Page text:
STUDENTS at Burton and South Derbyshire College have been getting political as part of the first UK National Voter Registration Day.
It is designed to make young people aware of how voting in elections can affect them now as well as shaping their future.
The initiative organised by Bite the Ballot also aims to change the way young people view politics and the government, with many saying they are disinterested in what happens in Parliament.
Although the voting age in the UK is still 18, people as young as 16 are currently allowed to register to vote in future elections.
In the 2010 general election, only 44 per cent of 18-24 year olds voted compared to 76 per cent of over 65s.
President of the students’ union Anique Rehman, 20, told the Mail: “Students often see cuts to funding. It’s important that they realise voting on these matters can affect this.
“Supporting National Voter Registration Day is the first step but it will hopefully make them aware.”
A table was set up inside the main reception of the college and members of the students’ union handed out forms and gave fellow students advice on why it is important they take an interest in voting.
Tutorials were also given to students regarding the importance of government, the process for electing Members of Parliament for each constituency, the various roles in the Government and the impact of politics on everyday life.
17-year-old Felicia Vundla from South Derbyshire said: “Nick Clegg said he wasn’t going to raise tuition fees but then the coalition went against that. It makes us not want to trust the government. By voting, we can change that.”
Jack Waldron who is also 17 and from Ashbourne said: ““The manifesto’s that the parties give out at the next election are going to shape our future. By registering to vote it gives us a choice of which one we would prefer.”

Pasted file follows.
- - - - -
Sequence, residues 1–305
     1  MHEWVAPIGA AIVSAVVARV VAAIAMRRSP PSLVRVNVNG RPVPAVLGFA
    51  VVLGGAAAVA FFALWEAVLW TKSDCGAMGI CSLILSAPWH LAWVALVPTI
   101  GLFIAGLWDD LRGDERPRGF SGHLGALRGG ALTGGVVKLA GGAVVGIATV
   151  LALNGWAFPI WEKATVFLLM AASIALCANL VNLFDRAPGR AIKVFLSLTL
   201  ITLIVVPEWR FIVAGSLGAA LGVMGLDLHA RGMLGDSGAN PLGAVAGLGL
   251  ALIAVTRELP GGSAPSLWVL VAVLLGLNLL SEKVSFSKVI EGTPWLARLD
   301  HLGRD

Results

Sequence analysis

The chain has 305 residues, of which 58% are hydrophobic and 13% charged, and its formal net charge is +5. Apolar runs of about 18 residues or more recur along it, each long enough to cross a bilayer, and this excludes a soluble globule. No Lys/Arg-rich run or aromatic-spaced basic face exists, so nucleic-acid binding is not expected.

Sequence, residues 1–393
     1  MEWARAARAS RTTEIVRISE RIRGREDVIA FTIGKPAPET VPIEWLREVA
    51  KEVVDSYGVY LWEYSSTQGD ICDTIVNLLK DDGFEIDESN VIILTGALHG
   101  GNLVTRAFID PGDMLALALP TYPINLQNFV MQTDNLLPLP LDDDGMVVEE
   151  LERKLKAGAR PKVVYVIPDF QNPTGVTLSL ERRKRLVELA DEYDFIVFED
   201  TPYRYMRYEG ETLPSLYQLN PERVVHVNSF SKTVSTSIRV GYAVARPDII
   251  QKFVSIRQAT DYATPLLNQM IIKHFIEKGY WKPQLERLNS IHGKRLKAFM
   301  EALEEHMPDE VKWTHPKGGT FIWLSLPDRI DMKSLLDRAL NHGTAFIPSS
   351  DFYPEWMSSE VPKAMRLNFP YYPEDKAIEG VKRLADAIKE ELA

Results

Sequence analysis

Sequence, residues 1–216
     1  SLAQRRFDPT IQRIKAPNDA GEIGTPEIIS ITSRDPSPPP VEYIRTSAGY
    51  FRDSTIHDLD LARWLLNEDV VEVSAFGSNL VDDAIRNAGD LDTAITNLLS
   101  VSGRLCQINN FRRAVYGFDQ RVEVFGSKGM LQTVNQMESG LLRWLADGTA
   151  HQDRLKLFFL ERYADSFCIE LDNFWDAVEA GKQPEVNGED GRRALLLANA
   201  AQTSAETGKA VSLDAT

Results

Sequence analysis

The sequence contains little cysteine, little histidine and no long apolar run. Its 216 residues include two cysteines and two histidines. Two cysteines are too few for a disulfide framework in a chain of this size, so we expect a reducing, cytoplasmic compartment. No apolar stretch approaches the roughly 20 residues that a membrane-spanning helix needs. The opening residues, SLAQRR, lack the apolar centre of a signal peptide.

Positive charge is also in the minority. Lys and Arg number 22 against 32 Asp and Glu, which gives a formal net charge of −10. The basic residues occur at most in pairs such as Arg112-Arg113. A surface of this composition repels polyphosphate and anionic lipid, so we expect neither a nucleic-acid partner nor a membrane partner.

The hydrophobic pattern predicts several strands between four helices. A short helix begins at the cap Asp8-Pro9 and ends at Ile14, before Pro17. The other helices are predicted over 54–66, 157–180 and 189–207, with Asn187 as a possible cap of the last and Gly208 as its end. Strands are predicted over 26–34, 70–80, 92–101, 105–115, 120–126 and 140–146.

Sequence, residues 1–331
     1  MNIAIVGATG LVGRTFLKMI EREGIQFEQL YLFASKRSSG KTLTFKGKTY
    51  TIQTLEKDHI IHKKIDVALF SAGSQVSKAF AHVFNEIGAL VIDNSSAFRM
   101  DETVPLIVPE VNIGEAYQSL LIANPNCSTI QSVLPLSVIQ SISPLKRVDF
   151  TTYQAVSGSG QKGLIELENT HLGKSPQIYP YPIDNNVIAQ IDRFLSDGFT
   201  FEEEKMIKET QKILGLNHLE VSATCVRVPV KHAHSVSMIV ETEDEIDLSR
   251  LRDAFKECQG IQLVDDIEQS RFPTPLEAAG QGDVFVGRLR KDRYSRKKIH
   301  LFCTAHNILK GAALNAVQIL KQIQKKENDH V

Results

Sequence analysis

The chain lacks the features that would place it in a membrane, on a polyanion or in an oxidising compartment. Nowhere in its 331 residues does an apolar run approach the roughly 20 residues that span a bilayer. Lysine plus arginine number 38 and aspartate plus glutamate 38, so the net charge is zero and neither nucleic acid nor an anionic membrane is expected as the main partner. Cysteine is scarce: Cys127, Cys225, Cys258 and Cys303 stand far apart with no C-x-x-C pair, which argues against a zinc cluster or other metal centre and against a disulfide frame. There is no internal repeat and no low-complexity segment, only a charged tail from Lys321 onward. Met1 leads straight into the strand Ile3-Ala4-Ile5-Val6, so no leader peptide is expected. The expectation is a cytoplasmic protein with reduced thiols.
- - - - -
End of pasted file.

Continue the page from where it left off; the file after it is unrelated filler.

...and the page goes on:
The students’ union team also held a ‘Show Me the Money’ challenge’ which was designed to get students talking about how they would spend the Government’s money if they were given the chance.
Vice-President Chloe Sartaine-Berry, 17 from Swadlincote said: “I think it’s important because we’re the age group that don’t have a chance to vote but are affected the most.
“By doing this it enables young people to be made aware of how important voting is.
“I suggest they take time to read up on how voting works and also consider how it affects their future.”
The college will also be holding a democracy day in April and have invited Burton MP Andrew Griffiths and South Derbyshire MP Heather Wheeler to speak to young people about the importance of voting.
Burton and South Derbyshire College Vice-Principal John Beaty said: “Voting gives young people the opportunity to have their say not only on local services but also how the country is run.
“Getting them to register at 16 and 17 prepares them for adult life.”